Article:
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4

For a File Geodatabases you could use - SUBSTRING(REGION FROM 1 FOR 3) = SUBSTRING(REG FROM 1 FOR 3) For a Shapefile use: SUBSTRING(REGION, 1, 3) = SUBSTRING(REG, 1, 3) I got the shapefile syntax from this Technical Article - HowTo: Compare a field with a substring in another field


4

You can use the regexp_match function to match the first number inside your CASE statements: CASE WHEN regexp_match("nombre", '^[0-3].*') THEN 'ROSETAS' WHEN regexp_match("nombre", '^[4-5].*') THEN 'CTO' ELSE 'OTRAS' END


0

Make sure you use the right type of single quotes: '' If you use `` the parser will freak out.


5

Just figured it out. In the layer properties, go to the "Labels" tab, and set the Method to "Define classes of features and label each class differently". I set two different classes ("Default" and "2"), each with a different style and scale range. the label now changes its style according to scale range.


0

You're looking for the symmetrical difference tool. In my experience it works very similarly to st_disjoint, only it does it in a "masking" style so the underlying shape can be cut out just so. I struggled with this tool for a while, getting empty outputs, before I discovered a workable solution. Both of my layers were in geographic (EPSG:4326) format ...


0

I don't know why this actually works now, maybe someone could explain it, but after many tries I succeded by using the following code: SELECT AddGeometryColumn ('vehicle_2015_02','projected_point',4326,'POINT',2, false); UPDATE vehicle_2015_02 v02 SET projected_point = ST_LineInterpolatePoint(romo2015_way.st_makeline, ...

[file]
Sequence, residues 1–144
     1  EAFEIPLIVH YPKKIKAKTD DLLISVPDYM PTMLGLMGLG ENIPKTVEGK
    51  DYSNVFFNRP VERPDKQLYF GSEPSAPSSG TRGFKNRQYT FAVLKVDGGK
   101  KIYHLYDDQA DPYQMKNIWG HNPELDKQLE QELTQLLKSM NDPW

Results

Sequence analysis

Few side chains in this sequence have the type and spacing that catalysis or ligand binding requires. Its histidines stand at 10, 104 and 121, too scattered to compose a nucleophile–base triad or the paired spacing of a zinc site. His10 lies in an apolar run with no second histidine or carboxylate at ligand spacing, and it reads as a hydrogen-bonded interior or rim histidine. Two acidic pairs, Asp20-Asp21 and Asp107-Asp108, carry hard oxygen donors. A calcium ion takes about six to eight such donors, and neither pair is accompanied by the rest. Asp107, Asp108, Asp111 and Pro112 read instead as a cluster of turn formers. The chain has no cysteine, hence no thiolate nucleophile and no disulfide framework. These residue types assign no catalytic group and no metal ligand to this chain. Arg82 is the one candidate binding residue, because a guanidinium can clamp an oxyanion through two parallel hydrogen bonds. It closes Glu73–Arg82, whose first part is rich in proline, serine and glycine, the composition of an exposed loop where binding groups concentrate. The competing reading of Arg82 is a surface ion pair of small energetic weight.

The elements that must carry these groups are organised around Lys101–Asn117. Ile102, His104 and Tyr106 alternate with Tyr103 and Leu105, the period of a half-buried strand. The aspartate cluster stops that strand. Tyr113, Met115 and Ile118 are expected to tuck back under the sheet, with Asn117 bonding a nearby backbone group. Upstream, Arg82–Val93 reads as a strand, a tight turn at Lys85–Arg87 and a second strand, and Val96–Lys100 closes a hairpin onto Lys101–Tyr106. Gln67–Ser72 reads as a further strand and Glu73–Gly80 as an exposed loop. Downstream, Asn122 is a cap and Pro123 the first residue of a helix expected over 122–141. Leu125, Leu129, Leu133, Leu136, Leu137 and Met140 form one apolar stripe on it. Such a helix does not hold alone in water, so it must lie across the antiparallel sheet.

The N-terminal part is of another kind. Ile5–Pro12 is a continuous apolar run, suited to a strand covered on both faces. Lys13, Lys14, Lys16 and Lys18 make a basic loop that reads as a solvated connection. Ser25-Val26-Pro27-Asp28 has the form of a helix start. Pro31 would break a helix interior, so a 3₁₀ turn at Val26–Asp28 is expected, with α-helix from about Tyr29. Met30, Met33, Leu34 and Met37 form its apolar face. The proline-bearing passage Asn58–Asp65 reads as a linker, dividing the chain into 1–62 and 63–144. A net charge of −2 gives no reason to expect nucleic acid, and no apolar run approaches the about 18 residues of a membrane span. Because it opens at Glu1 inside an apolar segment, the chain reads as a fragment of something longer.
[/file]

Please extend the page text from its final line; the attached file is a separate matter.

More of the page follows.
0

You may need to rewrite your UPDATE statement, using an explicit join. UPDATE vehicle_2015_02 v02 SET projected_point = q.newpoint FROM ( SELECT vehicle_2015_02.objectid, ST_LineInterpolatePoint( romo2015_way.st_makeline, ST_LineLocatePoint( romo2015_way.st_makeline, ...


3

you can also use strpos( "myField", 'awesome') > 0 and for case insensitive searches strpos( lower("myField"), 'awesome') > 0 this is slightly more error-prone as you need to put double quotes around field names and single quotes around string values. I always fall into that trap. I noticed that a recent version of QGIS (2.12?) has quietly ...


4

You can easily achieve that with select by expression dialogue. "my_field" LIKE '%specific_words%' See this example


1

There are two views that you need to check geometry_columns and geography_columns that will provide you with a list like: "ian";"public";"coastline";"geom";2;27700;"MULTILINESTRING" "ian";"public";"motorway";"geom";2;27700;"MULTILINESTRING"


1

I am posting this just so you can mark this format as the answer. The IN syntax is the most compact way to write the expression you want: [OU] IN ('001', '002') AND [Formation] = 'Residuum'


1

Yes it's possible to do this in python. Check out the documentation on the Make Query Layer tool http://pro.arcgis.com/en/pro-app/tool-reference/data-management/make-query-layer.htm You can also use the make query table tool (http://pro.arcgis.com/en/pro-app/tool-reference/data-management/make-query-table.htm); if you specify a shape field the query table ...


2

Similar to what Zoltan has said, but you want to group by the color, which will then get you the sums for each color. SELECT sum(ST_Area(ST_Intersection(grid.geom, affected.geom))), grid.color FROM grid, affected WHERE ST_Intersects(grid.geom, affected.geom) GROUP BY grid.color; The final WHERE ST_Intersects(...) will not affect the answer, ...


2

SELECT sum(st_area(st_intersection(grid.geom, affected.geom))) FROM grid, affected WHERE grid.color = 'green' and st_instersects(grid.geom, affected.geom);


1

The only change you should need to make to your original Flex where clause is to escape the single quotes around the value using the slash character: expression: 'upper(ICAOcode) LIKE upper(\'%[value]%\')',


1

If you select "table_1" for the Update existing field option, try using this expression: if( "table_2" = 'test', 'y', "table_1") Basically, you're using an IF THEN ELSE statement.


2

Perhaps an expression like this would work better: [OU] = '001' AND [Formation] = 'Residuum' OR [OU] = '002' AND [Formation] = 'Residuum' It's a little tedious in its formatting, but should return the results that you're after. A little more elegant expression would be: ([OU] = '001' OR [OU] = '002') AND [Formation] = 'Residuum' Either one should ...



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